Facebook is hoping to prove its value to marketers with a new partnership with Dunnhumby. The tie-up aims to make it easier to connect ad exposure on Facebook directly to in-store and online sales at an anonymised household level.
Alex North, head of partnerships at Facebook in EMEA says: “The ambition with this partnership is to help advertisers understand the true business of advertising on Facebook in a granular, anonymised and secure way.
“One of the key benefits is that the solution will help advertisers understand their Facebook campaign metrics – what is working and what is working less well – and optimise those campaigns based on an objective understanding of whether their campaigns are driving sales.”
How the partnership will work
Historically, Dunnhumby has been able to measure and optimise the effect of media and promotions in the retail space and use that to personalise communications around shopper preferences. The most notable example is for Tesco Clubcard, where the supermarket bases the coupons and deals that get sent out to its loyalty members on their shopping habits.
The aim now is to move outside the retail environment and into brand marketing. The deal will link Dunnhumby data on 17 million shoppers in the UK with Facebook’s user base – the 37 million people that log in and use the service monthly. It is working with Acxiom to provide a “safe haven” in the middle of the data sets to ensure information remains anonymous.
It works by using a “test and control” methodology where one group is exposed to advertising on Facebook and the other is not. Given that all other parameters are equal, brands should be able to tell what impact a campaign on Facebook is having on sales.
Brands will still be able to measure engagement – for example likes or shares. But they will now also be able to monitor sales metrics including units sold, visitor numbers, whether the campaign brought in new customers or is driving frequency of existing numbers. They will also get lifestyle and life stage data – so demographics and whether customers are a family or single.
Adam Smith, head of media strategy at Dunnhumby, explains: “In a nutshell what brands will be able to do from a media measurement perspective for the first time is connect ad exposure on Facebook directly to sales in-store and online at a household anonymised level.
“It will make a link between what people see on their mobile device and the impact that has in-store on sales behaviour over time.”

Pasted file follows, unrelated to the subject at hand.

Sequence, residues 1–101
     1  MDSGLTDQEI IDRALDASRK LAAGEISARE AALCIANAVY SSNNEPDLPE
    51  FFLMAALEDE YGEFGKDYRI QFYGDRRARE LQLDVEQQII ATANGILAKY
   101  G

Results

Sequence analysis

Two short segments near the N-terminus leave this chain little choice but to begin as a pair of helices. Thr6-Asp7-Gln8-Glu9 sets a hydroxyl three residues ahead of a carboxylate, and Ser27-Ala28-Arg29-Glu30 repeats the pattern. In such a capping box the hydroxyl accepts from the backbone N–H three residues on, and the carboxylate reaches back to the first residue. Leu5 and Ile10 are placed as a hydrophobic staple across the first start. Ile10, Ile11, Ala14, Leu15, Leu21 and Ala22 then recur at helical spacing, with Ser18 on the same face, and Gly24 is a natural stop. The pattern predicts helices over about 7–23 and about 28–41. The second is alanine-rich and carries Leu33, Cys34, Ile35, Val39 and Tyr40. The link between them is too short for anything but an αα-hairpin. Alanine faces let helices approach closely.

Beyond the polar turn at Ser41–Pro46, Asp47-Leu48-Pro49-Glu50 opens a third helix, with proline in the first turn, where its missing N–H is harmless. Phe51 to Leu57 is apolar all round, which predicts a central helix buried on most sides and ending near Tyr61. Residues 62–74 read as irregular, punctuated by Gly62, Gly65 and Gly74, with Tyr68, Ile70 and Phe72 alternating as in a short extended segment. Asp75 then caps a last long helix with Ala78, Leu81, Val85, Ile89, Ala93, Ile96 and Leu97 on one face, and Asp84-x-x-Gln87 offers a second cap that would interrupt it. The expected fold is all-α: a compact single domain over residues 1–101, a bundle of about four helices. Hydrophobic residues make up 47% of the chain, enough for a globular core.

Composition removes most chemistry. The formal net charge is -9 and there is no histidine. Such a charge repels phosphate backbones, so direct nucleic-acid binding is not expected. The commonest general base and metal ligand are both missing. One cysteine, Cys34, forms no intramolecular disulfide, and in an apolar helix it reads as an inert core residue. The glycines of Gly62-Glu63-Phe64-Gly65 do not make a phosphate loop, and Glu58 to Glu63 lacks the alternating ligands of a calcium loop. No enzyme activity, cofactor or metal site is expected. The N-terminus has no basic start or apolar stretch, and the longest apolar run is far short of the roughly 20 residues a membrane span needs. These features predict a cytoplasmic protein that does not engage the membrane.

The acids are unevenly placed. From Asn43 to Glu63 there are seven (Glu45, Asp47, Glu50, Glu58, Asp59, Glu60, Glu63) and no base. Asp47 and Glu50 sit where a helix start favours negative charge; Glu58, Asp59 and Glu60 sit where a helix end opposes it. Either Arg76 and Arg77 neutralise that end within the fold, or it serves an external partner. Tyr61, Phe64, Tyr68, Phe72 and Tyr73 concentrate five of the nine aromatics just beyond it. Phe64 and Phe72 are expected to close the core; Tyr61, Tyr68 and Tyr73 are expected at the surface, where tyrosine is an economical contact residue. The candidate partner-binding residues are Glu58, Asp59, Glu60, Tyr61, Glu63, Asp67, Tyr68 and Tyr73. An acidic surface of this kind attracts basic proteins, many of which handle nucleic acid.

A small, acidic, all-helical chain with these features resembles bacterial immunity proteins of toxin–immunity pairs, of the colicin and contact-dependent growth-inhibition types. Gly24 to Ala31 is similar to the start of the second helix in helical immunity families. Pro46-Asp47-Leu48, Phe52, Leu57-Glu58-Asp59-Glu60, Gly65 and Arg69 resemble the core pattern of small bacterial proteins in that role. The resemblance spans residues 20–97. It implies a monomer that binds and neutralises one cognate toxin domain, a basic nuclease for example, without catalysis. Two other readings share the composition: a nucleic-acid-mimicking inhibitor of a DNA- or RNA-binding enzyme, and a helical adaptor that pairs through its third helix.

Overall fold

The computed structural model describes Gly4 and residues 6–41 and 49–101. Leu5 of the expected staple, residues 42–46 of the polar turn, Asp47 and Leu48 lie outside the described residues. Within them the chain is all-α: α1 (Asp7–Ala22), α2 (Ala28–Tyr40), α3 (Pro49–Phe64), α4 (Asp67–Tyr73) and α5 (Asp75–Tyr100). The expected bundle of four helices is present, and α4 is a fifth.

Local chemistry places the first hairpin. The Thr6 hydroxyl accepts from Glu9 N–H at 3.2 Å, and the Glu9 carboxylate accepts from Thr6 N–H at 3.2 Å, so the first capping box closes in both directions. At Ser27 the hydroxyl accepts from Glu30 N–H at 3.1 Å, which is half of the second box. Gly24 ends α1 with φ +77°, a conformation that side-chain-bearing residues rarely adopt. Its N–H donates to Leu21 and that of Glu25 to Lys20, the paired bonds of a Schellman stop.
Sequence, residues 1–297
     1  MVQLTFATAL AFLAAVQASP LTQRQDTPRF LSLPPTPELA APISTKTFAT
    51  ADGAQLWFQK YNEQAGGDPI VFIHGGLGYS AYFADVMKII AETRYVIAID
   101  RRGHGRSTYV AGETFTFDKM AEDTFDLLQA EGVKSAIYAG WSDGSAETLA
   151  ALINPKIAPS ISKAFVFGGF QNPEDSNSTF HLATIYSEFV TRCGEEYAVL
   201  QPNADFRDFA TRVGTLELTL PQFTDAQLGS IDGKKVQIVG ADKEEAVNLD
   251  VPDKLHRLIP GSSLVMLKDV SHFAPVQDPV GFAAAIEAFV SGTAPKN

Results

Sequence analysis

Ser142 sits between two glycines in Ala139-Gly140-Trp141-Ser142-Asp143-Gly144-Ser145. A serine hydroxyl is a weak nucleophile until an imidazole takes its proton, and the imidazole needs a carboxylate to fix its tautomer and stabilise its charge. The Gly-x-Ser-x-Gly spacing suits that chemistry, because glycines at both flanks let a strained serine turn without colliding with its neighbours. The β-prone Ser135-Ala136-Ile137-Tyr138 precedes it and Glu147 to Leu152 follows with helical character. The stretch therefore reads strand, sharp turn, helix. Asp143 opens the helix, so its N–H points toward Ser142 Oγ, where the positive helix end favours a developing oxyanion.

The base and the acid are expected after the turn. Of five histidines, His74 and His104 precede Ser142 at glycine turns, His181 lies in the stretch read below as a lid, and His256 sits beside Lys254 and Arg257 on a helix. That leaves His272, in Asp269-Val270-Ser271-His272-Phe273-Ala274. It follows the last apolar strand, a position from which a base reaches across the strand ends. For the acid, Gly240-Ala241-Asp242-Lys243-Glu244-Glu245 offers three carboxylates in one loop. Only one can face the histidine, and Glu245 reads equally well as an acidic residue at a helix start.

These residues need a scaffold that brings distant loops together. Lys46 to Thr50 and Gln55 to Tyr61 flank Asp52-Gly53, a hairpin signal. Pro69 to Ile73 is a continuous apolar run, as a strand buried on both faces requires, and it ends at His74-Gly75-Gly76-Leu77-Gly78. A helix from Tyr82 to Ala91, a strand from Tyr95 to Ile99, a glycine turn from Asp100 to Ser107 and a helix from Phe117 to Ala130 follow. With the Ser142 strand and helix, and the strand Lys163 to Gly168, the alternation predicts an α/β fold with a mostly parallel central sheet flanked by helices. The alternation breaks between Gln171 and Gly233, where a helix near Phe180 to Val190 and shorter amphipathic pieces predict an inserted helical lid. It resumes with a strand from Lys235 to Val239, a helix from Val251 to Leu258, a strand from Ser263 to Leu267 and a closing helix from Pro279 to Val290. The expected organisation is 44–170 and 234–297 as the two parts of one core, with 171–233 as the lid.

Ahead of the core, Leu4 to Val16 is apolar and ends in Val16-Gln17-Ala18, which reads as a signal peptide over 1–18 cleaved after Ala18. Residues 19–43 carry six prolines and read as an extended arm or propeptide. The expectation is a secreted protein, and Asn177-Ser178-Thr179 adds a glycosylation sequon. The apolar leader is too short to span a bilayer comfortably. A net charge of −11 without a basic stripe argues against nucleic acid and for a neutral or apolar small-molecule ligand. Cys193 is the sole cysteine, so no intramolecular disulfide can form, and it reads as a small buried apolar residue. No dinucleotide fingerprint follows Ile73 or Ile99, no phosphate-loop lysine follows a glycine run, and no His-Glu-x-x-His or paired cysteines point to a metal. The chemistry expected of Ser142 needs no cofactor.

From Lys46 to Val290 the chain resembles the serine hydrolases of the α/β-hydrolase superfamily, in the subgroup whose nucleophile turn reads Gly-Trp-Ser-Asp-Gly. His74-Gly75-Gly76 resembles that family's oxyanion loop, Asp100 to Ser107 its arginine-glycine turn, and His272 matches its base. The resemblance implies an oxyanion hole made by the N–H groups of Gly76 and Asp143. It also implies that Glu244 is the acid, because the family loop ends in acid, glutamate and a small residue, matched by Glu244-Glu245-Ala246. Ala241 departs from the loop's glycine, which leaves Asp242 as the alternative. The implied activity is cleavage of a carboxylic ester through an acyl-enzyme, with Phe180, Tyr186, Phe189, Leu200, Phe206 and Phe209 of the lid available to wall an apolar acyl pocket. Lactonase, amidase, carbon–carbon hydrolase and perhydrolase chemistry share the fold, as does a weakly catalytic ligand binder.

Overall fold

Adam Smith, head of media strategy, Dunnhumby
How brands can use the partnership
The partnership has been in the works for more than two years and in that time the technology has been piloted on 10 brands at eight major FMCG clients. It is now rolling out so that any brand that sells through Tesco can use it.
Dunnhumby says it has so far been used to help develop creative best practice, to work out audience responsiveness to advertising and frequency of exposure, as well as sales and ROI.
While Facebook cannot share which brands have trialled the technology, examples include soft drinks, laundry detergent and beer brands. For example, one beer brand tested six different creative executions on mobile to discover which one best drove sales.
Another test for a detergent brand found that advertising on Facebook drove behaviour change so more people went down the aisle in-store. But once there a competing brand saw a sales hike because it had a deeper promotion, showing the importance of marrying Facebook campaigns with offers and deals.
Finally, an ice cream brand launched NPD testing on two different target audiences and found that one group was four times more responsive than the other. However while the messaging pitched to a young, female, upmarket audience the data actually showed a “huge sales response” from older age groups.
North explains: “This is a very large sample that brands can cut by an manner of factors – frequency, the creative, category purchasing and understanding sales uplift on other brand in the category. It is a very granular measure of the impact of advertising and will show the nuances that impact sales.”
Dunnhumby believes there are benefits even if the results are negative. For example if there is no sales boost a brand will know that their creative or targeting is not working and can adapt their strategy.
North concludes: “It is important for brands to learn what works and what doesn’t so that when they invest they are doing so in ways that will drive real sales impact.”